Is a More Urban Bethesda Inevitable?

Is a More Urban Bethesda Inevitable?

The Montgomery County Council is about to consider a plan that calls for more development and taller buildings in downtown Bethesda, but many local residents disapprove

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It’s an evening in early October, and Town of Chevy Chase Councilmember Barney Rush is at a standing-room-only meeting of local residents, painstakingly outlining details of county planners’ latest vision for Bethesda’s urbanized core a few blocks to the west.

Rush seeks to put in perspective the amount of square footage—“density” in urban planning speak—that could be used in the construction of additional commercial and residential buildings in the downtown area. He points to 4.2 million square feet still available from a Bethesda downtown sector plan enacted in 1994. He adds in another 4.6 million square feet contained in the new sector plan approved by the Montgomery County Planning Board last summer and now before the county council.

By the planning board’s own figures, it makes for a total of nearly 9 million square feet of additional development within the 450 acres that define Bethesda’s central business district. “You could ask yourself, ‘What does that mean?’ ” Rush says. There’s an audible reaction from several audience members when Rush points out that the Pentagon comprises 6 million square feet.

Many of those present already are keenly aware that the plan would allow tall buildings—up to 250 feet, or roughly 25 stories—to replace several low- and medium-rise structures on the east side of Wisconsin Avenue, the town’s informal border with downtown Bethesda.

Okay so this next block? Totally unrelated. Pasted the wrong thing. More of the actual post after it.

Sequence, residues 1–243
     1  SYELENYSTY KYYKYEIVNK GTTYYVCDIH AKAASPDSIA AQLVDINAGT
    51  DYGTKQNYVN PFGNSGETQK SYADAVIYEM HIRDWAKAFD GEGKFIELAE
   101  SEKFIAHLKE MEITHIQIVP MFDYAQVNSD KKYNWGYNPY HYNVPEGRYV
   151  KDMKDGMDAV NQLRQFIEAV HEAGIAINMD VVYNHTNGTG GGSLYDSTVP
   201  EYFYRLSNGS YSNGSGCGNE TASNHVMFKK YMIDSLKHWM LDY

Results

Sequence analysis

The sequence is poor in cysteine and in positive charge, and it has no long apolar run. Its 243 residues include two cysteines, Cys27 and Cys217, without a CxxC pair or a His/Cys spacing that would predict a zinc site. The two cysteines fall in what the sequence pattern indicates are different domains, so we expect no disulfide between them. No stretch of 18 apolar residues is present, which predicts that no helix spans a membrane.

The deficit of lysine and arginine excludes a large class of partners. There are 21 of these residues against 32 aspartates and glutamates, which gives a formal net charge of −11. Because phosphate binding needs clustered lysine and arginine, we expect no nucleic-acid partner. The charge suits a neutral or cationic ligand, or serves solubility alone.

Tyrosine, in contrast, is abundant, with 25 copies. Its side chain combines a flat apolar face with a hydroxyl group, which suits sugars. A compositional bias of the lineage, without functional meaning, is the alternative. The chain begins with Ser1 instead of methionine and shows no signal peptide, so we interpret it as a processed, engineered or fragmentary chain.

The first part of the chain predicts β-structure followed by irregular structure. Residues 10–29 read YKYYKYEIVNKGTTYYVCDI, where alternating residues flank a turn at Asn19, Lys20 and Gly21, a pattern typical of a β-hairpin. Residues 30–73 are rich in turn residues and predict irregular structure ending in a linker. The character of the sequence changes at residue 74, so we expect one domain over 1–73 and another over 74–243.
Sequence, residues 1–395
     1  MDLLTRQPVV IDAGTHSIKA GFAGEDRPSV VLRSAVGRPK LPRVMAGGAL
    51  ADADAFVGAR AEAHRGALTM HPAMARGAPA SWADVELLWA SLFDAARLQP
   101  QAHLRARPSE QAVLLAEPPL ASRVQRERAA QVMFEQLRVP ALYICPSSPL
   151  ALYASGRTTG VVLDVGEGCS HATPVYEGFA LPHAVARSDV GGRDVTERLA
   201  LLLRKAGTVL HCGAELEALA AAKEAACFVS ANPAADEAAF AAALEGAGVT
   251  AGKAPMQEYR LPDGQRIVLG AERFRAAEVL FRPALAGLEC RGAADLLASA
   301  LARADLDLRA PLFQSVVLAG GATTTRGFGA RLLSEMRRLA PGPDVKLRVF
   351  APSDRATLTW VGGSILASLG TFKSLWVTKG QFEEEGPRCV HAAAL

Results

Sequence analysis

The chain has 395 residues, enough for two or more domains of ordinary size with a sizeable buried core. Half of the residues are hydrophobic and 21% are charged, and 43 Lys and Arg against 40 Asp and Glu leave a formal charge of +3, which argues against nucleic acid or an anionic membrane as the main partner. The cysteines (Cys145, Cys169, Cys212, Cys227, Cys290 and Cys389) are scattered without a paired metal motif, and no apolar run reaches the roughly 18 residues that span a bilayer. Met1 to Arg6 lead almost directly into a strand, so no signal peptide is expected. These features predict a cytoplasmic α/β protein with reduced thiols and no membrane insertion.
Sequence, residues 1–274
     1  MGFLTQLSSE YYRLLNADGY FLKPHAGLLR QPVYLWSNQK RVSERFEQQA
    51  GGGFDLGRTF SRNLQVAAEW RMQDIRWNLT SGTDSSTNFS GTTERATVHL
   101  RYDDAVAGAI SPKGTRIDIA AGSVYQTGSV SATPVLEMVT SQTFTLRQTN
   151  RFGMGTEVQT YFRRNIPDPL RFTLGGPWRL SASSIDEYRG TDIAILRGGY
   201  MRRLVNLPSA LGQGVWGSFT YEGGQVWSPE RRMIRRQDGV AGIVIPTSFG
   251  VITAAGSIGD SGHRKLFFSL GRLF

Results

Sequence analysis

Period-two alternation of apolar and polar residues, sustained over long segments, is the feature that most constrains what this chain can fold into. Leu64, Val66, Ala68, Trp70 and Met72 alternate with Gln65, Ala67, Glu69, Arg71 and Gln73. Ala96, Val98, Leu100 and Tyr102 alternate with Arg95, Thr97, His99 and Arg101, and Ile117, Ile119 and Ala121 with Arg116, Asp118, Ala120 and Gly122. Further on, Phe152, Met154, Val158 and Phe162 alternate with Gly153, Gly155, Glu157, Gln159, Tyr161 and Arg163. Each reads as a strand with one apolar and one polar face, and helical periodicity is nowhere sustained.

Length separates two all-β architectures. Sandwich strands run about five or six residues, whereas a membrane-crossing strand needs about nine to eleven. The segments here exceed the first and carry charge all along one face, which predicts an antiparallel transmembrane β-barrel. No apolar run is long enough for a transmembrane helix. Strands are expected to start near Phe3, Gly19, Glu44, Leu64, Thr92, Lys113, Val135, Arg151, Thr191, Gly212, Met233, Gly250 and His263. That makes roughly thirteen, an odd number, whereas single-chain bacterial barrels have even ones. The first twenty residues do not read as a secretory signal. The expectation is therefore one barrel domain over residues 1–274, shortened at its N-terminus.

Protest signs declaring “Communities Not Canyons” dot lawns in the Town of Chevy Chase, as well as to the north in East Bethesda, where there are similar nervous visions of a wall of high-rises abutting a neighborhood of single-family homes.

Town of Chevy Chase Mayor Scott Fosler (left) and Councilmember Barney Rush stand along Wisconsin Avenue just to the west of the town. In the background behind Fosler is the Apex Building, soon to be demolished to make way for a structure that would be allowed to rise as high as 290 feet. Photo by Darren Higgins

“We know there certainly are people who would love to see no change at all, and keep things the way they are,” Rush, who chairs the committee formulating the town’s response to the Bethesda plan, tells the audience. “I think most of us on the committee know that’s not going to happen, there is going to be development. And, in fact, for many of us, development is good.”

Rush then confronts the pejorative often heard by those who are critical or skeptical of growth. “…Those of us who are town officials, we do hear, ‘Oh, you people in Chevy Chase are just NIMBYs, you don’t want any change, you don’t want any growth.’ So our message has been, ‘No, that’s not the point. Our point is trying to determine the difference between…what is a reasonable amount of development that is sustainable and supportable by the infrastructure, versus what might be an excessive amount of development that could really cause problems for this community.’ ”